You literally build something that will stand the test of time, while also creating a lot of good, well-paid jobs

. It isn’t the most glamorous of industries, but it is one with a huge lasting impact.

Heather: Companies should provide opportunities such as additional training and mentoring/coaching for women to grow within their career. By providing these career paths it encourages other women and youth to join the industry.

What can companies do today to encourage and support more women in construction?

Hannah: Companies can encourage and support women in the construction industry by being intentional in creating an inclusive culture. This can be achieved in a number of ways, such as providing education on unintentional gender bias, creating internal mentorship programs and enforcing a zero-tolerance policy for harassment. Companies also need to take an active role at increasing the number of women that enter the construction industry, such as implementing outreach programs geared toward women, in high schools and/or colleges, to encourage an interest in construction and the potential career opportunities available.

Karyn: I believe the best way we can encourage and support women in construction is by giving them an opportunity. I am a firm believer in hiring the best, most qualified person for a position, and I do not support the practice of hiring someone to fill a “quota.” This can create a negative backlash. The best way to overcome that is to become our new hires biggest cheerleaders, ensuring people see our shining stars. I have found my team is already sitting right around 50/50 for the male/female ratio. This was not intentional, and I believe it shows that women are just as qualified.

Going beyond this topic, having a diverse workforce in all aspects also adds a great deal to create the most innovative team and processes.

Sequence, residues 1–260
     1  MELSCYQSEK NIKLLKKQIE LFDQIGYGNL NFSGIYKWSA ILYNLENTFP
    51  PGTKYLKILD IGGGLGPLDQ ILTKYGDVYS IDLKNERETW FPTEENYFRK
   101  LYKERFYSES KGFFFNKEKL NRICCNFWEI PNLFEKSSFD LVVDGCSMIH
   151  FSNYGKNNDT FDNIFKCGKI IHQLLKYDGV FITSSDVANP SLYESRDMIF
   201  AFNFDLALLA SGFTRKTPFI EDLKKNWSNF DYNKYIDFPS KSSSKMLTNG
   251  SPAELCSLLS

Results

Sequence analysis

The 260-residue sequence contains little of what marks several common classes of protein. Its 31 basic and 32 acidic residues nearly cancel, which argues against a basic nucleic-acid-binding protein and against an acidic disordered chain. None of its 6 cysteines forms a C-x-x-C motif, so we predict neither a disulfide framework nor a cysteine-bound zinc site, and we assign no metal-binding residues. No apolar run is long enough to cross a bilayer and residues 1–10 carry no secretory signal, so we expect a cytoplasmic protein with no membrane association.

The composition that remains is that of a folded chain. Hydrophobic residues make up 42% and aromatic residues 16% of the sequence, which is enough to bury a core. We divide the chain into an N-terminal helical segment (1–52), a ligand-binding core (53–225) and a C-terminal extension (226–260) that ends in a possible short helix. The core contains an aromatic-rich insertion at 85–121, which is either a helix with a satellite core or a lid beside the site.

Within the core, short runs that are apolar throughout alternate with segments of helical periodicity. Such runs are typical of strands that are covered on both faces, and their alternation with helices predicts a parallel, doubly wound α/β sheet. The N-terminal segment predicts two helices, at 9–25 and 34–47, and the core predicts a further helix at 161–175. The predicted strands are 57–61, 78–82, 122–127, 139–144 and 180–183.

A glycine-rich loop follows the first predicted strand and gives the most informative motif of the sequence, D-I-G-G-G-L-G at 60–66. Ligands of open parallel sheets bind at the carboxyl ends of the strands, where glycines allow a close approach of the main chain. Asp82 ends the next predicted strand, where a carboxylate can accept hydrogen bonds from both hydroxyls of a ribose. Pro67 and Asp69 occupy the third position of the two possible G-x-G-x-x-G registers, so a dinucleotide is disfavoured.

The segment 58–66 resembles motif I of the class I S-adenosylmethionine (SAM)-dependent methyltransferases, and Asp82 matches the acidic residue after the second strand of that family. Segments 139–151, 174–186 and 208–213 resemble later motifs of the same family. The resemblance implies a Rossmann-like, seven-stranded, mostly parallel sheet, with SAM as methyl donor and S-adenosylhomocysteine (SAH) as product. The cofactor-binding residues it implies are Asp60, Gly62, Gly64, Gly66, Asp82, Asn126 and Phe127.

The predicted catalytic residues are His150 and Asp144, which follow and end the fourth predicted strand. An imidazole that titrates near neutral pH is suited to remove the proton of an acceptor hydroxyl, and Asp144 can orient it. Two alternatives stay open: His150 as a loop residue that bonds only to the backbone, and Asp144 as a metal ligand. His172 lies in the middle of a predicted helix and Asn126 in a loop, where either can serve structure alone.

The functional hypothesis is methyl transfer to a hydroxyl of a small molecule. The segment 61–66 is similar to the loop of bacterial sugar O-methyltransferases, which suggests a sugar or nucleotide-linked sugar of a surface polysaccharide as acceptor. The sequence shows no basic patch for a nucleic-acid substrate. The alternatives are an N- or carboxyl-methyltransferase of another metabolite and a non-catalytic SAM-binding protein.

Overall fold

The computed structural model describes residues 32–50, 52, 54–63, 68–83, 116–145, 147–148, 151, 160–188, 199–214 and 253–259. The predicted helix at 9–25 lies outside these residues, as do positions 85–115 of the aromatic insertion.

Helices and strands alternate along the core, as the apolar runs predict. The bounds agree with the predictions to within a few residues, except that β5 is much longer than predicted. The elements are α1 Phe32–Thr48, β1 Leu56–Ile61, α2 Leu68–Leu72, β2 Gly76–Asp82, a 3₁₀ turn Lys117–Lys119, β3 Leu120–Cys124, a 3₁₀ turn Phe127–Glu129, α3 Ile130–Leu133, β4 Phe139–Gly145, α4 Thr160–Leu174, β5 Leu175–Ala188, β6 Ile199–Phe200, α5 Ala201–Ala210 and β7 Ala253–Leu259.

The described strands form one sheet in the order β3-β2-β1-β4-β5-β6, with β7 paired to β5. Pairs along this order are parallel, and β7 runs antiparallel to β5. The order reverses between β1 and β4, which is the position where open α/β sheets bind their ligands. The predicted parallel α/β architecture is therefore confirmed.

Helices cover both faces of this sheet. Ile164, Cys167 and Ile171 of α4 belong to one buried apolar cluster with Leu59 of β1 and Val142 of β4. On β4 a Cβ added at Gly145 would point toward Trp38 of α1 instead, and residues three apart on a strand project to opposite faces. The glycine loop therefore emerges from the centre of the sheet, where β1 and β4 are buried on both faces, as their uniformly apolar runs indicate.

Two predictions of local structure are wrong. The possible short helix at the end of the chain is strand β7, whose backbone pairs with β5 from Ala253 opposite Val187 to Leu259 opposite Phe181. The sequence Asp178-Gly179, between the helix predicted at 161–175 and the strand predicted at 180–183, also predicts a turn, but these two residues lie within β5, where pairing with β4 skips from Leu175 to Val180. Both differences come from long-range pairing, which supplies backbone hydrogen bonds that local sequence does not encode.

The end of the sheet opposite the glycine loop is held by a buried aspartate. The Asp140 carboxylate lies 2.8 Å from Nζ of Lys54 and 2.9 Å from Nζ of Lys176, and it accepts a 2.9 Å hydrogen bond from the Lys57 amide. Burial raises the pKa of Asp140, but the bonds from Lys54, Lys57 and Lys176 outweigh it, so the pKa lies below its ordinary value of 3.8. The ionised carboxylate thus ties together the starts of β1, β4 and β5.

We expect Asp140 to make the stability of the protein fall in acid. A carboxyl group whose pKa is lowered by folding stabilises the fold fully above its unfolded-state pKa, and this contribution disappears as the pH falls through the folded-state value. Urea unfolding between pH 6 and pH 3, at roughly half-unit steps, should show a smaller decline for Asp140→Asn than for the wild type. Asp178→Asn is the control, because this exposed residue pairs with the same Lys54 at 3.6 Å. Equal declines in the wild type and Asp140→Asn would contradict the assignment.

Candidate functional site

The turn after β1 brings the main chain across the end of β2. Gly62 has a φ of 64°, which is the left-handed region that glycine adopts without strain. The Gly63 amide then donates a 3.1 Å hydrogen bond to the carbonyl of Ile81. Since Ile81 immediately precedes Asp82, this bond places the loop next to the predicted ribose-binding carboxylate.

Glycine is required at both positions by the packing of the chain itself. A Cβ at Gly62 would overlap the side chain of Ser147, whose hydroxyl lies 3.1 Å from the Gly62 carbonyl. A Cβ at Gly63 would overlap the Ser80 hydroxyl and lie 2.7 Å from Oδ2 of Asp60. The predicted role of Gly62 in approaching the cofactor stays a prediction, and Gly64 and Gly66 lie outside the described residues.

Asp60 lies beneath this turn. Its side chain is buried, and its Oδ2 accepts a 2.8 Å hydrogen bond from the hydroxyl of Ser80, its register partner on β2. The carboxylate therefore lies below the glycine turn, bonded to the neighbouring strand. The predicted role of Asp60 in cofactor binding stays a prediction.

Kathleen: Women entering skilled construction trades need to know that they will be supported on all fronts. That they will receive equal work assignments, equal pay and equal consideration on what assignments are being distributed. Most women entering the skilled trades understand they are in the minority and their perspective on how to function in a male dominant world takes into consideration the stigma attached to being in the minority.  Consequently, the women are prepared to work harder, faster and smarter. If companies would support their approach rather than detour them from their goals, that will be a great improvement.

Rachel: The link between diversity and a company’s financial performance is nothing new. Specifically, as gender diversity tends to be a plus for profits, companies are taking notice. Women in architecture, engineering and construction (AEC) careers continue to be a source of competitive advantages and are vital for growth. Therefore, companies should continue to discuss and implement best practices for creating equitable, diverse and inclusive environments in the workplace. The more companies can support and build a dynamic culture; one that is balanced, and encourages and supports women to participate and thrive, the more diverse and therefore profitable a company can become. At Crossland Construction, women occupy top roles in ownership, project management, estimating, accounting, marketing and business development.

Syn Dee: The most important thing companies can do is to create and provide a culture that is positive, supportive and encourages personal and company-wide success. Companies have to set and actively enforce a culture that encourages all employees to treat each other with care and respect and to support one another in a positive, constructive manner every single day. Once that culture is in place, a lot of the traditional beliefs and stereotypes commonly associated with the industry goes away. Women (and even men) will be more confident to take on greater responsibilities, to push the boundaries of their careers, and to never hesitate to ask questions or to seek help, knowing that they can rely upon colleagues who are supportive of them and their endeavors.